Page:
CUH ED hardest hit as country sees worst trolley numbers in nearly three years 

Over 760 patients are waiting without a bed in Irish hospitals today, with fully 10% of that number in CUH.
CUH ED hardest hit as country sees worst trolley numbers in nearly three years 

Over 760 patients are waiting without a bed in Irish hospitals today, according to the Irish Nurses and Midwives Organisation (INMO), with fully 10% of that number in Cork University Hospital (CUH).

Cork hospitals have the highest number of patients without a bed in the country, on the day that the highest number of patients waiting on trolleys nationally has been recorded in almost three years.

Over 760 patients are waiting without a bed in Irish hospitals today, according to the Irish Nurses and Midwives Organisation (INMO), with fully 10% of that number in Cork University Hospital (CUH).

Cork figures 

The INMO’s Trolley Watch records that 76 patients are waiting on trolleys today in the Emergency Department of CUH, while 21 patients are waiting in the ED of Mercy University Hospital.

A further 13 patients are recorded today as waiting “elsewhere” on trolleys in Bantry General Hospital, meaning that in total 110 patients are waiting on trolleys in Cork hospitals.

After CUH, the hospitals with the highest numbers of patients waiting on trollies are St Vincent’s University Hospital in Dublin, which has 49 patients waiting for a bed, and Mater Misericordiae Hospital in Dublin, which has 41 patients on trollies. In University Hospital Limerick, 47 people are on trollies in the emergency department, with another 45 waiting elsewhere in the hospital.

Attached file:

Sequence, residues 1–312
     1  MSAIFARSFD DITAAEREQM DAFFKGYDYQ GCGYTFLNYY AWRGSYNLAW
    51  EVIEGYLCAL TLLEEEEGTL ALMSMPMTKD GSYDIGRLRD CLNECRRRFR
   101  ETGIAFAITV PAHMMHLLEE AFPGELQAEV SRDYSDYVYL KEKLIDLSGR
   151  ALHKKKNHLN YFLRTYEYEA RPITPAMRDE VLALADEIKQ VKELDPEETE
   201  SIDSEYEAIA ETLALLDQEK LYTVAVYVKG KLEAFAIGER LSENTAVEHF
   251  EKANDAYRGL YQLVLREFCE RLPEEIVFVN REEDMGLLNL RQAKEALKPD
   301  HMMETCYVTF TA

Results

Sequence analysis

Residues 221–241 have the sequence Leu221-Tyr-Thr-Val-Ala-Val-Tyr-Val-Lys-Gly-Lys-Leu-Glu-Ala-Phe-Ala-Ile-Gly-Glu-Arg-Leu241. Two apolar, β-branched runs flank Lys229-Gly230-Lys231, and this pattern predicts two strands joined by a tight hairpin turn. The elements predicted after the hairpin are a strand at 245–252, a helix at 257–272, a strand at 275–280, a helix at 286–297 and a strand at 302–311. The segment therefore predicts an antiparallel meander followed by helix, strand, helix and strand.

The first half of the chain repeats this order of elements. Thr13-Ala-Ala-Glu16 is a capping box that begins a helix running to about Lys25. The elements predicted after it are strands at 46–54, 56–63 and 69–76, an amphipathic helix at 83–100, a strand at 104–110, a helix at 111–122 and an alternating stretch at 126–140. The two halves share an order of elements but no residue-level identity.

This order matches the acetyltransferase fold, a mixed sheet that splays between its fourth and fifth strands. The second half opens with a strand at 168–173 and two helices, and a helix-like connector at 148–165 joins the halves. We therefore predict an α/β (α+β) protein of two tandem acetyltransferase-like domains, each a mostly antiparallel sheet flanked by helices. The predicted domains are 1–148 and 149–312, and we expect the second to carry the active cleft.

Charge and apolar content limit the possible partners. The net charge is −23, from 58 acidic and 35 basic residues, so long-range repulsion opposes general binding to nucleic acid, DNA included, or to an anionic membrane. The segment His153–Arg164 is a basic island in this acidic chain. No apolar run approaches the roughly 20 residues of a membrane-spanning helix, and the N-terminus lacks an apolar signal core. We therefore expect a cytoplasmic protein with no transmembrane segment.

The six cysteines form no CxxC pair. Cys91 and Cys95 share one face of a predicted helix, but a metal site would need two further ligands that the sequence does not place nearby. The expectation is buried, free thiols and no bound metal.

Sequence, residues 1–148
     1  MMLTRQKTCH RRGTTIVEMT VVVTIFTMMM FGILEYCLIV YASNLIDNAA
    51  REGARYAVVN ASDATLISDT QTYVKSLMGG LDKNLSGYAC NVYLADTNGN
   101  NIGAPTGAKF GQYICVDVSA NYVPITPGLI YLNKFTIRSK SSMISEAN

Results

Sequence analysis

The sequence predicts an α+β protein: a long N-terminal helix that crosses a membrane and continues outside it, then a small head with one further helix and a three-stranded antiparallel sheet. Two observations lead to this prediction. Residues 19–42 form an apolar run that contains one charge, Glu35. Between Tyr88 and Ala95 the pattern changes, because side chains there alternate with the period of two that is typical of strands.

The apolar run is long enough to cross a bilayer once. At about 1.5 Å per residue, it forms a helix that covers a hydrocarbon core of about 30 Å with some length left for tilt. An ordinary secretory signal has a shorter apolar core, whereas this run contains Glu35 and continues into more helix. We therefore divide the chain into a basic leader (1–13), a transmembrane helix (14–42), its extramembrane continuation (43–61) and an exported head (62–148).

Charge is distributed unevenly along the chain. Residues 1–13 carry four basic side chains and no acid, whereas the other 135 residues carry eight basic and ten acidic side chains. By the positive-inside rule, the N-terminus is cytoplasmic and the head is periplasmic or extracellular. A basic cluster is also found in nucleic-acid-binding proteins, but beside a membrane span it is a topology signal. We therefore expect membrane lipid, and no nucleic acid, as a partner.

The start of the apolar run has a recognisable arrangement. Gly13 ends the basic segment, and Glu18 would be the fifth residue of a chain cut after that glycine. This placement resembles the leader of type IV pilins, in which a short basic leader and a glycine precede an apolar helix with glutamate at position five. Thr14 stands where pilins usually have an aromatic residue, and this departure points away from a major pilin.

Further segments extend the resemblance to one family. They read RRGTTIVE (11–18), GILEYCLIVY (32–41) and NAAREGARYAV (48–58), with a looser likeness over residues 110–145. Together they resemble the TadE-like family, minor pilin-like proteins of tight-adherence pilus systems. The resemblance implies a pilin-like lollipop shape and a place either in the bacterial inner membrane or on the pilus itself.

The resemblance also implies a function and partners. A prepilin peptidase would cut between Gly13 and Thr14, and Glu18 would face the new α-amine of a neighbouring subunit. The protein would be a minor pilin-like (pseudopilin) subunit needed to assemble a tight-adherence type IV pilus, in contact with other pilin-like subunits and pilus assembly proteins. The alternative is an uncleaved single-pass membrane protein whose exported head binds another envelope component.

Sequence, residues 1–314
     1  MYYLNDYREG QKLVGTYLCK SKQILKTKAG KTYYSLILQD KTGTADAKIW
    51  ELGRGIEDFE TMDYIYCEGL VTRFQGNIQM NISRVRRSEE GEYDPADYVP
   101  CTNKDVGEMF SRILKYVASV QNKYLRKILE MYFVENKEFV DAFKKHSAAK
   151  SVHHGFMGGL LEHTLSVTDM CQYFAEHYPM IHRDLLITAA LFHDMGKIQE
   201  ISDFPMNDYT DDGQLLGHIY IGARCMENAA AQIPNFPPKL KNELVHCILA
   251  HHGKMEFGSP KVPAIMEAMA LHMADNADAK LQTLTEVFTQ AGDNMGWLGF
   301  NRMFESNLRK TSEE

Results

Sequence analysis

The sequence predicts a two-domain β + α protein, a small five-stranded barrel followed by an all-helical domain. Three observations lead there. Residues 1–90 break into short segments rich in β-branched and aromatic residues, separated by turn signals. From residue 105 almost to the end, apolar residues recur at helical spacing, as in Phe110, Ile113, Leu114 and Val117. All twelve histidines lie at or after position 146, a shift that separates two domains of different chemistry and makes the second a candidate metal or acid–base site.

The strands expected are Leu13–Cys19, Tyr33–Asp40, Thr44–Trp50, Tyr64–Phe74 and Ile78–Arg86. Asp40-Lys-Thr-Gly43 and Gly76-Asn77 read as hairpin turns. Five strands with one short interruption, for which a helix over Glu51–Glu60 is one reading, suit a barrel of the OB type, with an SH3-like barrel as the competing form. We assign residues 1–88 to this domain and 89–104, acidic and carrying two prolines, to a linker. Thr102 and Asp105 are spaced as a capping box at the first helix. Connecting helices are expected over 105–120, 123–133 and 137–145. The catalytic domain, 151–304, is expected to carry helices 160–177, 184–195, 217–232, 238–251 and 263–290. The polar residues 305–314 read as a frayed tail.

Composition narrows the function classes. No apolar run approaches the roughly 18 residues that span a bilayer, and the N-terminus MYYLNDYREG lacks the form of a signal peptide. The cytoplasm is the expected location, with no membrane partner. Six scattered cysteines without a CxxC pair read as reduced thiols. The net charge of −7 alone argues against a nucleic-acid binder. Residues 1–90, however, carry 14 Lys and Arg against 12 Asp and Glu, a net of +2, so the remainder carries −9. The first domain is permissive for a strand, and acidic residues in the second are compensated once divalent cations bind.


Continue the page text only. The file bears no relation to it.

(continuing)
Today’s national figure records the highest number of patients that have been waiting on trolleys since 6 January 2020, matching that day’s figure as the highest incident of hospital overcrowding on record.

Describing today’s trolley figures as “unacceptably high”, INMO General Secretary Phil Ní Sheaghdha said such overcrowding was a danger to patients and staff alike.

“The HSE, Government and each individual hospital group must take urgent action today and pull every lever available to them to ease the pressure in our hospitals,” she said.

“The INMO has this morning urged the worst impacted hospitals to enact their emergency protocols.” 

Ms Ní Sheaghdha said the INMO had been calling on the HSE and the Government to take extraordinary measures, including the complete use of private hospitals and curtailment of non-urgent elective care since the summer, and she said it was not too late to bring in private hospitals.

“Today’s record overcrowding was entirely predictable, the INMO has been warning this was going to happen, medics have been doing the same” she said.

“Warnings from those who are working on the frontline should not fall on deaf ears. 

"Behind these figures are patients who are being stripped of their dignity and privacy while being deemed sick enough to be admitted to hospital.

“We know that more often than not our members are working in conditions that are unsafely staffed, meaning that providing safe care in an overcrowded environment is impossible,” Ms Ní Sheaghdha said.

“It is clear that our public health service cannot cope with this level of overcrowding. Serious and immediate intervention is needed today from the new Taoiseach and the Minister for Health.”

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